News & Media News One in Three Careers Fall Short of Expectations - Latest CIPD/Halogen Employee Outlook survey advises employers to understand and manage employee career expectations

One in Three Careers Fall Short of Expectations - Latest CIPD/Halogen Employee Outlook survey advises employers to understand and manage employee career expectations

Latest CIPD/Halogen Employee Outlook survey advises employers to understand and manage employee career expectations

October 29, 2014 - One in three employees (33%) report that their career progression to date has failed to meet their expectations, according to the latest CIPD/Halogen Employee Outlook survey. The survey of over 2,500 employees published by the CIPD, the professional body for HR and people development, in partnership with Halogen Software, also found that more than a quarter (28%) of employees are either dissatisfied or very dissatisfied with the level of career training and development offered by their current employer.

Despite these findings, the survey reveals that levels of job satisfaction* have increased over the last 12 months, rising by four percentage points to +44. However, the survey suggests that although employees might be satisfied in their current job role, there is a clear link between satisfaction with the level of career training and development and job-seeking intentions. Only 12% of those satisfied with the level of career training and development are looking for a new job with another organisation, compared to almost a quarter (23%) of employees overall.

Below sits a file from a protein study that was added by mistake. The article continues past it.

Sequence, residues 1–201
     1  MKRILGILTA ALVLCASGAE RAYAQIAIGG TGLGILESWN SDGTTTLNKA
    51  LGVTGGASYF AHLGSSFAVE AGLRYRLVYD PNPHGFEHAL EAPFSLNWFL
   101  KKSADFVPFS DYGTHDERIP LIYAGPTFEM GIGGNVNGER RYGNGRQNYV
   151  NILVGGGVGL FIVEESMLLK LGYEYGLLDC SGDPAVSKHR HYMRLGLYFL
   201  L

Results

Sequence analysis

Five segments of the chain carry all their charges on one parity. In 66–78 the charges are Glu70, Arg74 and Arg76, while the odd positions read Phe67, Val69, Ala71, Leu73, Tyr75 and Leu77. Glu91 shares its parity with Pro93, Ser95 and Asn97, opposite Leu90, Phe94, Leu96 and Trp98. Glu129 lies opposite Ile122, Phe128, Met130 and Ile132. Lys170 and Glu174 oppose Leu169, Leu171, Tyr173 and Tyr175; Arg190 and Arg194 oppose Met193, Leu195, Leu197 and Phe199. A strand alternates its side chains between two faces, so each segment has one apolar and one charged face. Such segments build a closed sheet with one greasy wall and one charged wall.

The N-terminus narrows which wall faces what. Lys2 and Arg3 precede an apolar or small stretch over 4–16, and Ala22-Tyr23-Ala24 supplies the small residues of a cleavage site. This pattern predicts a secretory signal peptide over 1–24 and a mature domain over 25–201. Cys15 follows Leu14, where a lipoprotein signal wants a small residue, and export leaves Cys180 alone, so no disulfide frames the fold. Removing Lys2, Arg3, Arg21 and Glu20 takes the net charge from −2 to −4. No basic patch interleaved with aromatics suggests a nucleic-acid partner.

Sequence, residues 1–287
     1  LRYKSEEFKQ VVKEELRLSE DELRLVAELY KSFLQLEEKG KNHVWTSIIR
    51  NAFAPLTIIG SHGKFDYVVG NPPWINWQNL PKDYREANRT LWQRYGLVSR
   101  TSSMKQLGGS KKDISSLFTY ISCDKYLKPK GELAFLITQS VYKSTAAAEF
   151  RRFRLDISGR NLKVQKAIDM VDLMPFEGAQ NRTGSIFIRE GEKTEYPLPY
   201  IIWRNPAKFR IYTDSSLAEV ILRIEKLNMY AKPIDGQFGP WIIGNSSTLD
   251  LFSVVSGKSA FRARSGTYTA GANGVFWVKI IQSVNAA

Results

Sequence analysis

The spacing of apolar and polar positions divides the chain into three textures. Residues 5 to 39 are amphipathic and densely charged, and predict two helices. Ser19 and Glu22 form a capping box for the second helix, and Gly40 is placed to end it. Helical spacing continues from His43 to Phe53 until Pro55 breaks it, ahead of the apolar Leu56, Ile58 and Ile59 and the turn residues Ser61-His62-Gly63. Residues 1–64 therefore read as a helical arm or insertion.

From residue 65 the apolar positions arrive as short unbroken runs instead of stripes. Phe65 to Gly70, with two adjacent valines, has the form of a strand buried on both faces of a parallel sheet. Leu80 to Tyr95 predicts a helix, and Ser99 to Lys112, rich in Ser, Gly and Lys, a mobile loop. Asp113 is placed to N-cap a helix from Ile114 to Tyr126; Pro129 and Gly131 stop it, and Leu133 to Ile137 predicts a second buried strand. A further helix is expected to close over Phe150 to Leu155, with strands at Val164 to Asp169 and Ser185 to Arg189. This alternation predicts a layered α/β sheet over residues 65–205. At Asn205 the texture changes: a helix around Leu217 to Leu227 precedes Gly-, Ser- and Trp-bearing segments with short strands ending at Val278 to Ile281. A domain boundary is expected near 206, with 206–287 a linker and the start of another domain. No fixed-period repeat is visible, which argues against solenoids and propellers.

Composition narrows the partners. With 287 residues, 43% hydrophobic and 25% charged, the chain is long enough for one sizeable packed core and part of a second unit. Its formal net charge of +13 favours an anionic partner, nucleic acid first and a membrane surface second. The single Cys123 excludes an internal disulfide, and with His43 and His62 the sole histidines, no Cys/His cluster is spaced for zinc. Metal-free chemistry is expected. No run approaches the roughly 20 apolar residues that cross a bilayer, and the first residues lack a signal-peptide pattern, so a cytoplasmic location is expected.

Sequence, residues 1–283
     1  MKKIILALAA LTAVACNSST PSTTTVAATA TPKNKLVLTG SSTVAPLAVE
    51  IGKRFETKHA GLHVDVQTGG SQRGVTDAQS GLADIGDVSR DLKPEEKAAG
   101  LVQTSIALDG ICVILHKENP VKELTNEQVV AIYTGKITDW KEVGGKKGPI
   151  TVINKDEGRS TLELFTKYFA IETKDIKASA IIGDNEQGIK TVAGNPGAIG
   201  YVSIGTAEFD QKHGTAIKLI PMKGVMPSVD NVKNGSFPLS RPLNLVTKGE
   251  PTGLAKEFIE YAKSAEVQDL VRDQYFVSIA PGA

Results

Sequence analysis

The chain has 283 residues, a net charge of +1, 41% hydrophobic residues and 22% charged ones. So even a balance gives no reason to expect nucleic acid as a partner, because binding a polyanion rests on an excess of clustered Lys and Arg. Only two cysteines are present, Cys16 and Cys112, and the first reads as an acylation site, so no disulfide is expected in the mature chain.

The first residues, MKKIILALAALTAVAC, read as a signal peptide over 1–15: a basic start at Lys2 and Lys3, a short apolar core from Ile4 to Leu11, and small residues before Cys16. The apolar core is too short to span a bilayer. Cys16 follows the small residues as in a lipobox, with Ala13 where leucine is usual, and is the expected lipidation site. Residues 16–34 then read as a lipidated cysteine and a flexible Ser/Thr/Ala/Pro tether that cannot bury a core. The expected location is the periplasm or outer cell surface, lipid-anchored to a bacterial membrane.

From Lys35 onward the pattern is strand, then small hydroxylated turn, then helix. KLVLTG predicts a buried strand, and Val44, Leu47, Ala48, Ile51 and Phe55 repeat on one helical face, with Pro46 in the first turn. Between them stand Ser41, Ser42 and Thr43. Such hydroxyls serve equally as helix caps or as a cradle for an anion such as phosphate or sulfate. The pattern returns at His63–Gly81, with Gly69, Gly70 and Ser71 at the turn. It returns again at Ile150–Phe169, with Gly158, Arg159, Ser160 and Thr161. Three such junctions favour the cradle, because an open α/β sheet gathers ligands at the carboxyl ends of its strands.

The CIPD recommends that employers who are concerned about retaining their talent should make sure they understand and manage their employees' career expectations. This means ensuring that both employers and employees are clear about how an existing job fits into wider career development. The survey explores a number of factors surrounding levels of career satisfaction amongst employees, and reveals that:

  • More than a third (37%) of employees think it is unlikely or very unlikely that they will be able to fulfill their career aspirations in their current organisation, compared to one in three (30%) who think it is likely or very likely that they will.
  • Only 6% of employees who believe they are likely or very likely to meet their career aspirations in their current organisation are looking for a new job, compared with almost half of those (48%) who think it is unlikely or very unlikely that their career ambition would be fulfilled by their current employer.
  • Just under half (48%) of employees report that their career progression to date has met or exceeded their expectations. When asked about the factors that contributed to their career meeting their expectations, the most commonly cited factor was their own hard work and talent (76%).
  • The most commonly cited contributing factors by employees who have failed to meet their career expectations are poor quality careers advice and guidance in school (30%) and being unable to show strengths and potential due to being in the wrong job or career (31%).